There has been a small but disappointing increase in the average number of young people up to the age of 18 being held in custody over the past eighteen months. Although the figures from April 2016 to February this year are provisional, they show the first upturn in annual average numbers held in detention since 2007/08. The provisional number for 2017/18 to February was 996 compared with 3,208 in 2007/08 and an all-time high since 2000 of 3,235 reached in 2005/06 at the height of the New Labour Target Culture when young people were being criminalised at an alarming rate. The data is available at https://www.gov.uk/government/statistics/youth-custody-data
Sadly, with the increase in knife violence witnessed recently, I suspect that the average number of young people in custody will only continue to increase over the short-term. Youngster from London make up by far the largest number from any one region, accounting for a quarter of the total of young people locked up in February 2018. By contrast, only 25 young people from Wales and 32 from the South West were being held in custody.
The change in policy on remands in custody for young people some years ago means that in February this year only 216, or about 20% of the total population in youth custody, were on remand. That may well still be too high a number, but there are still some serious crimes where custody following charge may be inevitable for public protection. If you add the total serving sentences for serious offences that will likely transfer into the adult prison estate when they are old enough to the remand population this group totals about 500 of the 870 under 18s in custody. There are fewer than 400 of this age group on Detention and Training Orders, almost the lowest number since well before 2000.
Only 28 of the under-18s in custody were classified as female, down from a peak of 241 in August 2007. This is approaching a 90% reduction, a percentage not achieved for the adult female prison population during the same period. Proportionally the number of BAME (Asian, Black, Mixed and Other) young people in custody has not declined in line with the reduction in the number recorded as White, so that in February 2018 there were 470 young people in custody classified as White and 385 as BAME compared with 1,754 White and 778 BAME in custody in August 2008.
The Youth Justice Board had not commissioned any bed space in the Eastern Region and only had nine custody bed spaces in use in the North East Region. The 137 beds in the London Region are almost certainly not enough to allow young people to be kept in custody close to home. The same will almost certainly be true for the small number of young women in custody. Regular visits are very important to those in custody and their families and this can be a real issue now that numbers in custody are so much lower than a decade ago.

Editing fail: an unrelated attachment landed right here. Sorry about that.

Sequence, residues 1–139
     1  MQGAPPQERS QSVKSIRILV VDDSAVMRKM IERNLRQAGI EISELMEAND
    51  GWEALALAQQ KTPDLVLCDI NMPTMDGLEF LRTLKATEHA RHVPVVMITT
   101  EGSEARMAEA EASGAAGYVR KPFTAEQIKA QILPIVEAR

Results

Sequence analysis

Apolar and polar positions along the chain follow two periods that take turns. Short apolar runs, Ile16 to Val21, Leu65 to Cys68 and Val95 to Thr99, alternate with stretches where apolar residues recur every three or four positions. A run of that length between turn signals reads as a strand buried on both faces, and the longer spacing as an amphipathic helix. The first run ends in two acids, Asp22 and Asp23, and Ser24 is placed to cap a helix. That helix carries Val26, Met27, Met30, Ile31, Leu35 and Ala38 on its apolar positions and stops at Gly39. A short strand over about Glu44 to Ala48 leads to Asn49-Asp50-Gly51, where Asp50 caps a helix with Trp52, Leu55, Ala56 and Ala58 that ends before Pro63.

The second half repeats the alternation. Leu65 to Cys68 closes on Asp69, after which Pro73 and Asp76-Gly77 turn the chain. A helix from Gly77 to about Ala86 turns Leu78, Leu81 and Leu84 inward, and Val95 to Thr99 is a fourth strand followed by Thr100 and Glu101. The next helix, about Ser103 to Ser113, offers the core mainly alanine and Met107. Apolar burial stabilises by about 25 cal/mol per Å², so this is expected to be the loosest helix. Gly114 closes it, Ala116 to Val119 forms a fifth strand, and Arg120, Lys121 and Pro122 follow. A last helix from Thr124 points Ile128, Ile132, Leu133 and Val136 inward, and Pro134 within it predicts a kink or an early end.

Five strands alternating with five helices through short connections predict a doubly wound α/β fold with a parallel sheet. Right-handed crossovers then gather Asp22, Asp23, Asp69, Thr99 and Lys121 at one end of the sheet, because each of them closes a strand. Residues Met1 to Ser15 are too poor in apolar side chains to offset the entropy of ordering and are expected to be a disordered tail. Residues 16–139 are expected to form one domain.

We must aim to ensure numbers in custody are as low as possible and that sentence lengths take into account the mental and physical age of the young person committing the crime as well as the seriousness of the offence. Ensuring their continued education and training and mental well-being are also important factors to take into account while in custody.
More than 13,000 children taken into care in the last financial year were placed outside of their local authority area. Some will have had relatively short-term placements, but for the majority of school age children taken into care, this can mean some disruption to their schooling. Data on the effects of being taken into care on time away from education isn’t published by the DfE in their tables associated with Statistical First Release 50/2017. https://www.gov.uk/government/statistics/children-looked-after-in-england-including-adoption-2016-to-2017
I would hope that in the future this issue might be better researched, since these are a highly vulnerable group of young people. Regular readers of this blog will recall that after the general election, all six of Oxfordshire’s MPs wrote to the Minister about the problems of in-year enrolment of children taken into care and requiring a change of school. I would hope that officials and the charities concerned with the welfare of these children will look at what is happening, as only yesterday I heard of a school employing a solicitor to challenge any request from another local authority for a place in the school for a child in care.